Tuesday, February 26, 2013

Spurs at West Ham, Feb. 25th, 2013

This Is the One Where I Am Sincere, and Happy About That, and It's About Sports

         This is why I ditched my carpool, drove home from school really fast, threw on my strip and scarf, and waded through bullying Sam Allardyce-isms to finally, ecstatically reach a 2-3 result. What was the cost of getting home to watch? I missed the first two goals, but I waved my scarf and sang to "Nice One Cyril" while blazing north on the 99. The squad could not cope with West Ham's brutal pressing for the twenty first-half minutes I took in. Each time the ball landed at the feet of anyone but Parker, slow and back to goal, they were quite comprehensively muscled off. I had a snack at the half. Nothing changed, and Joe Cole scored in a way that seemed very embarrassing for all Spurs involved. It was as if they'd all peed themselves at once, and somehow another man profited from their collated incontinence. 

      But then Sigurdsson looked good! And Bale, of course, nailed it. Half on my unsteady, padded rocker, I half-screamed at his strike. Seated in the middle of the day 7,000 miles and a bunch of time zones from the action, yells of a more full-throated variety are difficult to muster. But if I didn't produce it, I felt it nonetheless. I gave a clap, texted my mom, made a drink with gin, and pretended like I hadn't still felt the nerves all through that extra time. Their historical deficiencies, the frailty and fear and proclivity for disappointment and inability to produce feelings of security, were unabated still by the Welshman's arrow. I knew that somehow Jaaskelainen himself would race/lumber to the opposition box and equalize for them, plunging his debt. 

     One man is basically scoring all the goals, if you haven't heard. Dembele's strike in Lyon and Sigurdsson's epic bundle seem exceptions to the rule. Adebayor is meant to be the tip of the proverbial spear, yet it is the poisoned barbs beneath the dulled head doing the damage. In the main, the work of the team instrument is being accomplished by a single component, though Lloris has been great at the way back. The others have ranged from forgettable, though not without very special moments of nice-ness, to more-than-solid, without being overly productive. No matter the individual quality of each member of the back four, any sort of attack turned towards them yields a disgusting amount of anxiety. Despite the quality of our center backs by themselves, I would like to see the unifying presence that will accompany Kaboul's return. Caulker is very good; Vertonghen is very good, at least when he plays at the center of the defense; Dawson is decent, and provides occasional offensive support, though the team's counter-attack is pitiful in its sloth.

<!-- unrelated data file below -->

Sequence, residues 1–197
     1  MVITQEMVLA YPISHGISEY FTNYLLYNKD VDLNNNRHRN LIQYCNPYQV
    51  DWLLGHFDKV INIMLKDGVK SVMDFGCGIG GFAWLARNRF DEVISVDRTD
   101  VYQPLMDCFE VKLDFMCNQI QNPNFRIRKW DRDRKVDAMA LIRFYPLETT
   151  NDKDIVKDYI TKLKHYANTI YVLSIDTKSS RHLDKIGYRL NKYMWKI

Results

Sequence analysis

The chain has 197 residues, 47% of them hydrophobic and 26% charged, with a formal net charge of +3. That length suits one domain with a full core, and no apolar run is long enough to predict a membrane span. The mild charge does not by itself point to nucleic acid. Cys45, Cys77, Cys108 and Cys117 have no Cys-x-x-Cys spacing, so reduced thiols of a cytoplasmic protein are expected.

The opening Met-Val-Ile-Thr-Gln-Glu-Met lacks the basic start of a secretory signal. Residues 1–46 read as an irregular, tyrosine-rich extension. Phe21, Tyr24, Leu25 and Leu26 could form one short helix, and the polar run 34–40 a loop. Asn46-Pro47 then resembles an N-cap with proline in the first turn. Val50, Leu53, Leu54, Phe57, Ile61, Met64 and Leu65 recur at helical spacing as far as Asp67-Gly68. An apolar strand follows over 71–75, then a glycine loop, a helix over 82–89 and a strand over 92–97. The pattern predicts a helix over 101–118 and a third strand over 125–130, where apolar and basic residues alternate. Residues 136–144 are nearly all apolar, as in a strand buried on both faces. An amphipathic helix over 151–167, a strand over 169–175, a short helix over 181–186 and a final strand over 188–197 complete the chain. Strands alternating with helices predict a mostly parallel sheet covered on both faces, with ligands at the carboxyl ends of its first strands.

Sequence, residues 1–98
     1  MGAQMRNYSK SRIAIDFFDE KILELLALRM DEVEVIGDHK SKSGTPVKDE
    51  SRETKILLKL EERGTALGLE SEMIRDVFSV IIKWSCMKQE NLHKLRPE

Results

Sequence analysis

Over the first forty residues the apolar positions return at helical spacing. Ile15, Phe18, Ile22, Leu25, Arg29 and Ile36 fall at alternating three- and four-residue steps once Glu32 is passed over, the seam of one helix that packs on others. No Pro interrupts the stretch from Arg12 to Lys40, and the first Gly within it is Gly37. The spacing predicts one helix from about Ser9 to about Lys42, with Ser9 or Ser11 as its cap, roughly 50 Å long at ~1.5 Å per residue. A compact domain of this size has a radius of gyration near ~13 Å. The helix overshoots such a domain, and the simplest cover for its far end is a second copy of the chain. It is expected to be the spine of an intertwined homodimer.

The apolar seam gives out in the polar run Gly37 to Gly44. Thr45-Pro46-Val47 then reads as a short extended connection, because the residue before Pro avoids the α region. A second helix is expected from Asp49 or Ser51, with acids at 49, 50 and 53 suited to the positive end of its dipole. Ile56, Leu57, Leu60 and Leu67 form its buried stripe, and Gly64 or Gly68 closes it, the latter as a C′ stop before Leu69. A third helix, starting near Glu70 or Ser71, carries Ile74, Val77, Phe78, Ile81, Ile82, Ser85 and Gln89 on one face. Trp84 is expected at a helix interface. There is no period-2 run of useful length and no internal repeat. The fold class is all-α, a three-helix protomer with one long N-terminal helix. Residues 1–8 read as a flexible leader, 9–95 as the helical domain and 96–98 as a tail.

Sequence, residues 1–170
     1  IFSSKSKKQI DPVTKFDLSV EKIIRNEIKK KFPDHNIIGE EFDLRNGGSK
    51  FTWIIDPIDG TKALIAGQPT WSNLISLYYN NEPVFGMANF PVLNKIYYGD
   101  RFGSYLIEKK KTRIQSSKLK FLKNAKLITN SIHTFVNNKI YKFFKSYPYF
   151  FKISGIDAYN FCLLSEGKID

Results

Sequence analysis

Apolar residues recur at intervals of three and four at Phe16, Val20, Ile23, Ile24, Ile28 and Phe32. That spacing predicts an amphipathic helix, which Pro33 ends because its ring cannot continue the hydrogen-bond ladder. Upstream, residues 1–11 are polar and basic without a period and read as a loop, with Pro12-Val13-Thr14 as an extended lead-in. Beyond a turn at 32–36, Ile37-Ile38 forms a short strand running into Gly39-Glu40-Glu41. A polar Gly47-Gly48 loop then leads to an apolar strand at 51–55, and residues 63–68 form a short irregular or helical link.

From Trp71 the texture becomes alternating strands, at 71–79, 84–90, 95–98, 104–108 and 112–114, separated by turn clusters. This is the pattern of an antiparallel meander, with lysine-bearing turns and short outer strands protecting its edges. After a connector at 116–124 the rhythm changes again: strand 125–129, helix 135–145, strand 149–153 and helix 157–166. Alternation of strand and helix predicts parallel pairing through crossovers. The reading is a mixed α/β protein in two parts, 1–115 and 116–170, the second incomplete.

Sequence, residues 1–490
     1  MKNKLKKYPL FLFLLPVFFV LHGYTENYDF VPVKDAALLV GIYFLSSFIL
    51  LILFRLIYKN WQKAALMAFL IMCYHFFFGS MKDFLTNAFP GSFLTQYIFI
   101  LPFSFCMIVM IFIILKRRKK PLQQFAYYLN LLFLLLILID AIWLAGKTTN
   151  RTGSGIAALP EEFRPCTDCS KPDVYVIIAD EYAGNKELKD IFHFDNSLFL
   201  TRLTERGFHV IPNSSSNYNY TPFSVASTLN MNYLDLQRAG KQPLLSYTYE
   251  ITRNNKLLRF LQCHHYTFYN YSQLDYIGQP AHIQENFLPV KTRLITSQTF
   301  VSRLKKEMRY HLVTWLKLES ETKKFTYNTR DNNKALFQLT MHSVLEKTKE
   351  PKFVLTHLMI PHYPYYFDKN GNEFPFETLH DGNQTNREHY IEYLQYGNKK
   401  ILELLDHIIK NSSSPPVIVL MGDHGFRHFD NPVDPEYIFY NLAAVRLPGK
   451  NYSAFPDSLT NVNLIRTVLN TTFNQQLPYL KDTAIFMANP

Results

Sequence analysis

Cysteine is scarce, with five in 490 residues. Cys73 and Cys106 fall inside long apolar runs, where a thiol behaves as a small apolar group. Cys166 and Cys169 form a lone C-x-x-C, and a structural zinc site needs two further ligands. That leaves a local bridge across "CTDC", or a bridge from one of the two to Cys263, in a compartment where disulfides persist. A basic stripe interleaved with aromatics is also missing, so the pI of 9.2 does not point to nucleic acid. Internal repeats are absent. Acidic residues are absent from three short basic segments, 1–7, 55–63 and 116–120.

Examples are often shown of the extent to which the fan "loves" the game. How do I love the game, or the team? Purchasing ephemera, singing songs, deliberating on having to drive an extra day, an extra eighty miles. After watching the (uggggh) VICE (aaaaaabaaarfff) "Rivals" video piece on the animosity between, or, more accurately, emanating from, A.F.C. Wimbledon and/upon M.K. Dons, I want to visit England even less. If the plane dropped me straight off at the Lane and picked me up two hours later I will have considered the trip complete. But how does the game, or team, love us back? Anxiety, frequent emotional hollowness, grumpy-ness, and having to get up very early on weekends to watch something you fear might be a crushing loss, and feels like a crushing loss even when it's not. A hangover deepening and sharpening as the goals from rather twinky fellows in red shirts pour in on your mom's birthday, when she wanted to hang out with you and watch soccer at a bar on a Sunday morning. And then once it's 5-2, and it'll be 5-2 the next time when you wake up at 4:30 on a Saturday before having drive an hour North to take a four-hour train to the Bay, you feel even worse about not getting a particular woman's phone number at the party the previous night, and the rest of the day is just awful. 

     But today felt great. The tying goal against Manchester United a couple months back, when I had to wait for it to show up OnDemand and the epic soup I'd crafted disappeared down the drain amidst overheated glass, inspired the same feeling. The conclusion of the dramatic narrative, where we get to win this time, where it's our dream and we're taking it the fuck back. Catharsis and amazement and satisfaction, even when broke off from the uncertain surrounding rubble, are what we ask for, and what is seldom delivered. Yet when I fell asleep out back after the match, The Wings of the Dove half place-held on my knee, the Spurs scarf still hung about my neck and I was smiling.